Paraguay make Japan pay the penalty for negativity

Paraguay's Oscar Cardozo is jubiliant after scoring Paraguay's decisive fifth penalty in the shoot out between Paraguay and Japan in a round of 16 clash.

Paraguay's Oscar Cardozo is jubiliant after scoring Paraguay's decisive fifth penalty in the shoot out between Paraguay and Japan in a round of 16 clash.  

It was perhaps inevitable that the knockout stages of this World Cup would produce a stinker at some point, and it duly arrived this afternoon in Pretoria before Paraguay advanced to the quarter-finals with a 5-3 victory after penalties.

Before that there had been 120 minutes of nervy and goalless tedium.

But in the penalty shoot-out, there were few nerves from the Paraguay team, who scored with all five of their efforts. And shortly after Yuichi Komano smashed his kick – Japan's third – against the bar, Oscar Cardozo rolled the ball into the bottom-left corner of the goal to put Paraguay through.

But judging on this evidence the winners of tonight's match between Spain and Portugal, who face Gerardo Martino's side on Saturday evening, will surely fancy their chances of reaching the last four.

The game started with brightly with Yoshito Okubo and Keisuke Honda both letting fly from distance. Sadly, it was no precursor of what was to come. A pattern took hold, with Paraguay playing tidy but unthreatening football and Japan content to counterattack, and never really let go. Caution ruled.

There was just one sustained burst of excitement in the whole match, which came in the 20th minute. First Lucas Barrios spun around Yuichi Komano before shooting weakly at the goalkeeper Eiji Kawashima, and then a lightning break for Japan ended with Daisuke Matsui smashing a whirling shot over the scrambling Justo Villar and against the bar.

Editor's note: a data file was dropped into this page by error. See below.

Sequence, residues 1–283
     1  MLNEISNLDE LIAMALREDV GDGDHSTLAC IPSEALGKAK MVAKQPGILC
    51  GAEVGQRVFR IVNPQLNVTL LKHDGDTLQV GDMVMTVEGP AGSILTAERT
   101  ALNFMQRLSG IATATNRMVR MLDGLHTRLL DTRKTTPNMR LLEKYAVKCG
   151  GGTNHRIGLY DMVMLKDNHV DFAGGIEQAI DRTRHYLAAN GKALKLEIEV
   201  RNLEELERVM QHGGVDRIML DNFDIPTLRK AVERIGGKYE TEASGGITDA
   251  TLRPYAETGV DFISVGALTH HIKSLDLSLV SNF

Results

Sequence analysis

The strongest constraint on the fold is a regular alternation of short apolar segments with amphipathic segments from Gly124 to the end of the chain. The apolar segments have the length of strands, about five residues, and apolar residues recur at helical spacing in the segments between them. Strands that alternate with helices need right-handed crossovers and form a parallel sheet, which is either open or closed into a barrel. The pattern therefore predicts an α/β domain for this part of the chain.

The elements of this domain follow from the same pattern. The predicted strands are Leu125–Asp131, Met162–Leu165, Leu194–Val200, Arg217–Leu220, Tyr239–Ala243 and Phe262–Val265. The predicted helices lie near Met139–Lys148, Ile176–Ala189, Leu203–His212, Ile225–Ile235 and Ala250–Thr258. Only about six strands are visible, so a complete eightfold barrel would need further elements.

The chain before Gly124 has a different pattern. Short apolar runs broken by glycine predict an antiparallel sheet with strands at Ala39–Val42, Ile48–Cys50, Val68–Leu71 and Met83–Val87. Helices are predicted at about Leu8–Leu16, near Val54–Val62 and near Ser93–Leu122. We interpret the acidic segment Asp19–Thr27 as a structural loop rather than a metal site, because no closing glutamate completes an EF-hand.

Just before the half-hour, Roque Santa Cruz missed a glorious chance, pulling his shot from a corner wide from eight yards. A goal would have spared us all of what was to follow. Then, moments before half-time, Honda – leaning back – screwed a shot wide.

Paraguay had the better of the second half and Yuki Abe had to be brave to throw himself in front of Edgar Benítez after he was played in by Santa Cruz. But long before the end, both teams seemed content to drift towards the choppier waters of extra-time and penalties.

The substitute Nelson Valdez did provide a brief burst of excitement in extra time and came closest to breaking the deadlock when he took Claudio Morel's pass on the spin only for Kawashima to dash out to smother. Valdez then flicked over the bar after a scramble in the six-yard box. Japan's best opportunity, meanwhile, came from a 25-yard free-kick from Honda, whose toe-poke was going wide when Villar pushed it round the post.

Perhaps we had become overly accustomed to the open football that had led to 21 goals in the first six knockout games. In recent World Cups that hasn't been the norm. In 2002, for instance, there were 25 goals from 15 knockout games (excluding the third-placed play-off), while in Germany 2006 only 26 in 15 matches. Still, the penalties were exciting. © Guardian News and Media 2010

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Printable version | May 25, 2020 1:42:41 PM |

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